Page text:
Tag: Italy

Day 2 in London – Birthplace of So Many Nursery Rhymes

Day 2 in London – Birthplace of So Many Nursery Rhymes

Considering Europe’s long history and America’s short one, I suppose it’s no surprise that so many children’s nursery rhymes have a basis in places in Europe. London in particular. For example, “Trot, trot to London; Trot, trot to Lynn; When you go across the bridge, don’t fall in.” We saw some of London’s bridges, even walked across them, and didn’t fall in. Thankfully neither did our remaining phone or my iPad. Having presumably dropped my cell phone in the canal circuiting Regent’s Park the day we arrived, we held on tight to our belongings in spite of still wanting to stop and photograph everything.

The Tower drawbridge down
The Tower Drawbridge up for ships to pass under

Still tired from the long flight and our first day of exploring, we chose not to rush around filling the day with an overload of sightseeing. Sleeping late, we ate breakfast in our room, then took the bus to St. Paul’s Cathedral and spent several lovely hours there. It’s very beautiful and ornate. The ceiling of the dome is adorned with murals depicting stories from the life of the Apostle Paul. Sadly, I can’t show any pictures of the inside, because they don’t allow photography inside, but it’s worth spending some time sitting in the chairs beneath the dome and perusing them carefully.  The detail and colors are stunning and the atmosphere is calm and peaceful. There are audio guides available with the purchase of admission which give more detail to the many paintings, statues, and history of the Cathedral.

The original cathedral was destroyed during the great London fire that took a huge portion of the city so long ago. But it has been rebuilt with probably more splendor than before.  They still hold services which one can attend for free, though tourists must pay to see it, and can only come in the off-service hours. It is huge, with a museum and crypt in the basement, a huge main floor complete with long hallways full of art work, plus the dome that can be climbed for a spectacular view. It’s big enough to get lost in. Neither of us got lost, but we did lose each other, all the while being in the same building. My daughter climbed the 520 steps to the top of the dome for the view, while I opted to stay below. I wandered through the main floor, sat and admired the murals and the music, and eventually descended to the basement to see the museum and crypt. I looked for her, wondering if she was still in the dome, when I finally came upon her describing me to one of the guards in hopes of gaining his help in finding me.   Its good to set a meeting time and place to meet up again if you plan to separate. Here’s a couple of views from the top of the Cathedral, plus a view of the catwalk up by the dome.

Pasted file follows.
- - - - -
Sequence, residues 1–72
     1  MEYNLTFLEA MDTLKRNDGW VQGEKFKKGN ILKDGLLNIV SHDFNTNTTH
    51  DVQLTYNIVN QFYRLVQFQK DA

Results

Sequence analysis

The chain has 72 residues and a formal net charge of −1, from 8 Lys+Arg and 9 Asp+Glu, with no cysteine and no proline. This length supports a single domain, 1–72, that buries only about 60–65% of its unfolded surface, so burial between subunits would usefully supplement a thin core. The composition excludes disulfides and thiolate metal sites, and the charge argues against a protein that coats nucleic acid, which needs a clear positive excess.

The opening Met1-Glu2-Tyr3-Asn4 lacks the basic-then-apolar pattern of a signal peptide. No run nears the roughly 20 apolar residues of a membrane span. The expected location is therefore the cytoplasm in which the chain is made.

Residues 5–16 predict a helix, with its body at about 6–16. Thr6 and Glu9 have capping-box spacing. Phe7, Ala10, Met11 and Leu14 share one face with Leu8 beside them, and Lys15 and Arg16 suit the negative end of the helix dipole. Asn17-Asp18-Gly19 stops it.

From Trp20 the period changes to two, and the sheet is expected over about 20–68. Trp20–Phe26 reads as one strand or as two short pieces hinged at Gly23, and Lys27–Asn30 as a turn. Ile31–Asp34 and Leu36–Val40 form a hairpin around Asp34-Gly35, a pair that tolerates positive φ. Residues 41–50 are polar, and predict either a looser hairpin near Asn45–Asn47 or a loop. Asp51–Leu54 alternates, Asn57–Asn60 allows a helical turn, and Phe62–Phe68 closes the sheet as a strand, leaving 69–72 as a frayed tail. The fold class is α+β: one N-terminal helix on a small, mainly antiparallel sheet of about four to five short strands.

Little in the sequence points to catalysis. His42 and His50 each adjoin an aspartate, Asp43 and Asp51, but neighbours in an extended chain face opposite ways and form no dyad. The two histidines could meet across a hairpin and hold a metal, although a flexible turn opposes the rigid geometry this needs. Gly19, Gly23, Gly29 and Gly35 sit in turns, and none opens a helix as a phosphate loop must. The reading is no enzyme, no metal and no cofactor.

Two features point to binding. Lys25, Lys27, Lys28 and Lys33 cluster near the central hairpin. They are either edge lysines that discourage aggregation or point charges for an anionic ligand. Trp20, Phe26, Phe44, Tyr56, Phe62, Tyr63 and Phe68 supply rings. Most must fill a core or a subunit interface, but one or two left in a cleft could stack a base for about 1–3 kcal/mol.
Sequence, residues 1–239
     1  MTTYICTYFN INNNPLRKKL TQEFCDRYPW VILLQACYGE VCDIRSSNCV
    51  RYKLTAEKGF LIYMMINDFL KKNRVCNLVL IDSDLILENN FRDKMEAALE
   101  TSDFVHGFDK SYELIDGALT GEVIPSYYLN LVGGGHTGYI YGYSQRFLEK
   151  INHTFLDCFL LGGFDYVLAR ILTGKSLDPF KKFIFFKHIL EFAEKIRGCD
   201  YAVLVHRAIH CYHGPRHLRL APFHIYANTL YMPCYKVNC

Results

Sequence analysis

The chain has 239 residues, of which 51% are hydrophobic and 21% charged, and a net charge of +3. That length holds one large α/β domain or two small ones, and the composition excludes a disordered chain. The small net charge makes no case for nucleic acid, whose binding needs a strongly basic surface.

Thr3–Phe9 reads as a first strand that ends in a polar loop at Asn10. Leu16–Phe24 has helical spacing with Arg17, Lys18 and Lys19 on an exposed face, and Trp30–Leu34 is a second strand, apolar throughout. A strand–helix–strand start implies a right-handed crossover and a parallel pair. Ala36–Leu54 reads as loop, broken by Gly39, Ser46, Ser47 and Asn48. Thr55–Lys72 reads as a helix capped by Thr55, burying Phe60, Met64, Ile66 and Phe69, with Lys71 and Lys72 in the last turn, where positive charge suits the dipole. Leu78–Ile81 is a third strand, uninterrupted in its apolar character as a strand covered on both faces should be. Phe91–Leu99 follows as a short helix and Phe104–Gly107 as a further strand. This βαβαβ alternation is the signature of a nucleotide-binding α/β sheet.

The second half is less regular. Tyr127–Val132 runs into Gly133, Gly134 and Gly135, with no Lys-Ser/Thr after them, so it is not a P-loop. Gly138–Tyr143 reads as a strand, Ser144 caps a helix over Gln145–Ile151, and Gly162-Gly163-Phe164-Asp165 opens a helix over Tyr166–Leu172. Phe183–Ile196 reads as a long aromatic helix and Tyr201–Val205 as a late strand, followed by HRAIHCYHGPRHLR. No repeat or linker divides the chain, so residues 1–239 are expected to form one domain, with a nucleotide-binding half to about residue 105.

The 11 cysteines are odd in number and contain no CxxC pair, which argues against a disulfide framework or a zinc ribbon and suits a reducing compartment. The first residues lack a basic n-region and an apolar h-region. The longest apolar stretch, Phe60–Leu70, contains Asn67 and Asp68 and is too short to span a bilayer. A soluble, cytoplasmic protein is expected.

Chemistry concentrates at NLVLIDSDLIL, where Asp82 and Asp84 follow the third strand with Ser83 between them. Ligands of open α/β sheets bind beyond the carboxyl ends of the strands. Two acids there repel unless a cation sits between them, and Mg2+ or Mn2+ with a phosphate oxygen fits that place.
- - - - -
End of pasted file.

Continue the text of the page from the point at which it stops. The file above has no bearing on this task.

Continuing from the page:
We ate lunch sitting on the steps leading up to a porch with tall columns, facing a set of enormous wooden doors on one side of the Cathedral facing a small courtyard. The entire lawn at the front was scattered with people out enjoying the sun, but there were few benches, so these steps were a popular resting and picnicking spot. The doors were a favorite photo op location as well.




Having spent several hours mostly on our feet, we decided to see some of the city by bus. In order to travel in London you must purchase a Travel Card. Its expensive but gives you unlimited rides on city buses and the Underground Tube, as their metro is called. The Tube is fast and saves your feet! But since it’s buried way underground, (like 3 – 5 stories deep at least!) with two or more sets of loooong escalators descending into the bowels of the earth, it’s pretty boring. No sights to see, though people watching can be interesting. The bus on the other hand, is slow with a ton of stops, but you get to see the city and take in the people and the culture. My daughter did an awesome job of navigating our travels and figuring out what transportation to use, where to catch it, and how many stops to go. She’s my hero. I felt utterly lost in this enormous city, but she just got on her phone, looked it up, and away we would go! And the few times even she got a little confused, we just asked people standing around us, and most of them were friendly and tried to be helpful.


One of my favorite things about the Tube was the music produced by the buskers who would carry their instruments there (even a harp) and commence to entertaining folks coming and going. These are talented folks and deserve whatever bit of money you can give to show appreciation for their time and talent!